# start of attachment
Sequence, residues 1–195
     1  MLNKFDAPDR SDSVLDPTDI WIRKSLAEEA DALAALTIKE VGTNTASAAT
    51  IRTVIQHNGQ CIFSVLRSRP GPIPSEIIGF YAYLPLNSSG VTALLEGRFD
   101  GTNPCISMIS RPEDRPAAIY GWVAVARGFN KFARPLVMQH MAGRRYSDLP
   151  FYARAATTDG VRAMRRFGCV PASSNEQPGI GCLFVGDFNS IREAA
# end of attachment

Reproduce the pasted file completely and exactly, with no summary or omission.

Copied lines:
Sequence, residues 1–195
     1  MLNKFDAPDR SDSVLDPTDI WIRKSLAEEA DALAALTIKE VGTNTASAAT
    51  IRTVIQHNGQ CIFSVLRSRP GPIPSEIIGF YAYLPLNSSG VTALLEGRFD
   101  GTNPCISMIS RPEDRPAAIY GWVAVARGFN KFARPLVMQH MAGRRYSDLP
   151  FYARAATTDG VRAMRRFGCV PASSNEQPGI GCLFVGDFNS IREAA